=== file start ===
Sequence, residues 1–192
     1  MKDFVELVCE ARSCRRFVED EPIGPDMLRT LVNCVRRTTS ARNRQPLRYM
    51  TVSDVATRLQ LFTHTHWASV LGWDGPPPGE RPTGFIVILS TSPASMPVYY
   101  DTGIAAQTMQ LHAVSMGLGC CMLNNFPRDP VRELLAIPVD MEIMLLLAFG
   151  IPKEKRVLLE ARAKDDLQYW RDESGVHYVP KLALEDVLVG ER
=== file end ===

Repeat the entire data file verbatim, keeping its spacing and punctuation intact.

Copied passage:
Sequence, residues 1–192
     1  MKDFVELVCE ARSCRRFVED EPIGPDMLRT LVNCVRRTTS ARNRQPLRYM
    51  TVSDVATRLQ LFTHTHWASV LGWDGPPPGE RPTGFIVILS TSPASMPVYY
   101  DTGIAAQTMQ LHAVSMGLGC CMLNNFPRDP VRELLAIPVD MEIMLLLAFG
   151  IPKEKRVLLE ARAKDDLQYW RDESGVHYVP KLALEDVLVG ER